One day, when he was 16, scouts from the New York Yankees attended a Fairfield game and grew interested in Ryan, he recalls.
The next year, in a football game, Ryan broke several ribs, his nose and two fingers. His athletic career was over.
"I don't cry over spilled milk," Ryan said the other day from his recliner. If he had been a baseball player, he wouldn't have that glass trophy from being Business Partner of the Year on his living room shelf.
And he wouldn't have met Judy, his wife of 39 years.
She stayed with him through his days in the Navy, his years as king of a small empire of auto parts stores in Fairfield, and through their move to Tampa, where Ryan first worked as a mechanic for local garages and then for himself. One customer: the owner of a fleet of ice cream trucks.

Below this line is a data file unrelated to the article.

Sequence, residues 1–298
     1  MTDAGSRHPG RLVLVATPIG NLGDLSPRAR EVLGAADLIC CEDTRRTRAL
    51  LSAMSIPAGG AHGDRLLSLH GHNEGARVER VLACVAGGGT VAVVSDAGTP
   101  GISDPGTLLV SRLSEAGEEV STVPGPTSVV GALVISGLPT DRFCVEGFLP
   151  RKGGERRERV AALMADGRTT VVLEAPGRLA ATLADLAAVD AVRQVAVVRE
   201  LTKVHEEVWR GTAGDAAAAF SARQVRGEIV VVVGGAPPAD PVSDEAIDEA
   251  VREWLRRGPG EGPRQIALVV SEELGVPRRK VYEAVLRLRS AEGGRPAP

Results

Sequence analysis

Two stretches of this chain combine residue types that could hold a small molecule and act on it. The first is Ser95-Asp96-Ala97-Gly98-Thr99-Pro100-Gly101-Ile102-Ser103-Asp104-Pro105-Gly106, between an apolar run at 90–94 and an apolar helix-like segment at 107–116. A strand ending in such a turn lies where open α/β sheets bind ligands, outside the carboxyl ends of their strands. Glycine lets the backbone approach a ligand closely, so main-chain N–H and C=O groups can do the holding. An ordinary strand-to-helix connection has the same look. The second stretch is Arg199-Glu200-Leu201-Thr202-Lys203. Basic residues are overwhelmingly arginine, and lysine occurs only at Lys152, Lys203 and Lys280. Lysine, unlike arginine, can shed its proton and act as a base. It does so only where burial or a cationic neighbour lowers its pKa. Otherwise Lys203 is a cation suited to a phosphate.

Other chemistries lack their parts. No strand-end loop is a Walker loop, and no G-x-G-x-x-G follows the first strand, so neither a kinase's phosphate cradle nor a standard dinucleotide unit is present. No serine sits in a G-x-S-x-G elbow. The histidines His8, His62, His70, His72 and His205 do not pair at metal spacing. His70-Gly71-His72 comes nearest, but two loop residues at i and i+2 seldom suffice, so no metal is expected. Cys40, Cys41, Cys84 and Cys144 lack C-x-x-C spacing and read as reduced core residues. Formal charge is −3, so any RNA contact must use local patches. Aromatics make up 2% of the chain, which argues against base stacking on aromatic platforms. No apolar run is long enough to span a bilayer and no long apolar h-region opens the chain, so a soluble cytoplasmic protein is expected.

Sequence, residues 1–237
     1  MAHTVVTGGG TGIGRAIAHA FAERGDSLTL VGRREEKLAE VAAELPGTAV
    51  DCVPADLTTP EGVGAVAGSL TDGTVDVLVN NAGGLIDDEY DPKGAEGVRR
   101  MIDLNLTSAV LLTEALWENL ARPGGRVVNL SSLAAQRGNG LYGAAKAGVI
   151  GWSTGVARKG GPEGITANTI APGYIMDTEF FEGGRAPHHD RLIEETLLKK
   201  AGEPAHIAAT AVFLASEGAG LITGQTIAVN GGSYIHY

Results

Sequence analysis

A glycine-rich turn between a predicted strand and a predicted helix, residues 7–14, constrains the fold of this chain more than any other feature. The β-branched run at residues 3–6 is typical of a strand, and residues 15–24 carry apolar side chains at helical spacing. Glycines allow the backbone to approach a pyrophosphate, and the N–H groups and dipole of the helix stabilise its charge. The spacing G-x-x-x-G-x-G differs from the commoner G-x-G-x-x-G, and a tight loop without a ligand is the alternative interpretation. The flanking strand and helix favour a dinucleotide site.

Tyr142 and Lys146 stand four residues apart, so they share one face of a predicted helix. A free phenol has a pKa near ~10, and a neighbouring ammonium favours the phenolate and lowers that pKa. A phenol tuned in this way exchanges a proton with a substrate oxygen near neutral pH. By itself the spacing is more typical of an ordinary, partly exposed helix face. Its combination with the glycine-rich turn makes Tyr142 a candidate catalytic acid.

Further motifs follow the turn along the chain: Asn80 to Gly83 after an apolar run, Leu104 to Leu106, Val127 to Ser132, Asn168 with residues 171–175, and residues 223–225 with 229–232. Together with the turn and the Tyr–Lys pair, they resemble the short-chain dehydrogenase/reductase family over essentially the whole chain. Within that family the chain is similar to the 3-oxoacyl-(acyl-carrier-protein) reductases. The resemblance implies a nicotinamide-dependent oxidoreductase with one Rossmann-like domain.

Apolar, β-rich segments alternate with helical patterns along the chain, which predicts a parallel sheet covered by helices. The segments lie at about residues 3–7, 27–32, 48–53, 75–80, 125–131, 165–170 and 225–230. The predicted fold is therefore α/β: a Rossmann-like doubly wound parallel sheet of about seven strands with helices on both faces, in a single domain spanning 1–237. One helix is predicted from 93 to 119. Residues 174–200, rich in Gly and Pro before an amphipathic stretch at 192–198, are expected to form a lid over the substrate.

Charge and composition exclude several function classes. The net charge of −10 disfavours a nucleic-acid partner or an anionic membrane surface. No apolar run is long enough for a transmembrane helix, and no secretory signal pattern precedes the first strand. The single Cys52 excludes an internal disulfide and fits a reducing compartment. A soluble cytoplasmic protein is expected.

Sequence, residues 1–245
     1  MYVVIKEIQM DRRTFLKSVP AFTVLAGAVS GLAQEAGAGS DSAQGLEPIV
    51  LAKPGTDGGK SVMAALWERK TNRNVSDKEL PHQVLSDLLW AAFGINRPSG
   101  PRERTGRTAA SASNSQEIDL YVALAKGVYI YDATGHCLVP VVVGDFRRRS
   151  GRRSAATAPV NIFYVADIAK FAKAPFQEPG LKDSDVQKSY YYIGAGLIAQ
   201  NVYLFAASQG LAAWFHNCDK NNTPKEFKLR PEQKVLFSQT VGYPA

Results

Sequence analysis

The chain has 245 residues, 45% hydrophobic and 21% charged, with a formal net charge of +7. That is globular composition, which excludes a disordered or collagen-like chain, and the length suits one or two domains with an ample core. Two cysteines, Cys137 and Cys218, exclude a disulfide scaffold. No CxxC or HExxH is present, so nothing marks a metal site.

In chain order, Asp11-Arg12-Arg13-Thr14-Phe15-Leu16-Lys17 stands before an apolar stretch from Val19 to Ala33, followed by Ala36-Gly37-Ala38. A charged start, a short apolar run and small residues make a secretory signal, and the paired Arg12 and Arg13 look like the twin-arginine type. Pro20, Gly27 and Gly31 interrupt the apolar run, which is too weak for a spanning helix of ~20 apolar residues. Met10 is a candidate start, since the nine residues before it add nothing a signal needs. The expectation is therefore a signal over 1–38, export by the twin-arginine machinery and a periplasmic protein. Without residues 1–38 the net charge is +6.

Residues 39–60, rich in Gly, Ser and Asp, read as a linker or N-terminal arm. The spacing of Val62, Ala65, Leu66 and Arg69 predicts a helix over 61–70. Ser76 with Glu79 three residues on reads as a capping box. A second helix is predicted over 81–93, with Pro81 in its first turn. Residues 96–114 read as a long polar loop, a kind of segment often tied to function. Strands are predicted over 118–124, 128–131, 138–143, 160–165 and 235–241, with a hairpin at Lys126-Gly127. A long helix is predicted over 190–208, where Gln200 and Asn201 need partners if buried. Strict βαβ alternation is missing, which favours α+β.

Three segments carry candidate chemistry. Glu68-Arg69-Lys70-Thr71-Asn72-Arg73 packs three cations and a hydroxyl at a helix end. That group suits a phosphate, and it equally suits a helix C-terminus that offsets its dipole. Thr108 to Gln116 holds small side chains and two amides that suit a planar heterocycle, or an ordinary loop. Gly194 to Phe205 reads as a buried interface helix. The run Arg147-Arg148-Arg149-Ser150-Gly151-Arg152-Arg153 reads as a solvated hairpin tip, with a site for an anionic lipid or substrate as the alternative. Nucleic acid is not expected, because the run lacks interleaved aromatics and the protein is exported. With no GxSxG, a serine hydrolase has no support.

Ryan bought one. He wanted out of the car repair business.
His only connection to the Yankees now is when George Steinbrenner comes out of his Beach Park mansion for cones with his grandchildren.
Ryan was diagnosed with multiple myeloma on Dec. 19. Bending to get milk from the fridge would feel "like an arrow went threw my leg," Ryan said. He has to go into the hospital every month for chemotherapy four days at a time.
He wants the kids to know he's coming back. Genny Holland, 10, has no doubt. She dreamed about it.
She was on a big island, she said, and it was very hot and she needed some ice cream really badly. But for the longest time, Ryan didn't show.
Finally, he did, she said, sailing in on a sky-blue boat.
- Babita Persaud can be reached at (813) 226-3322 or firstname.lastname@example.org.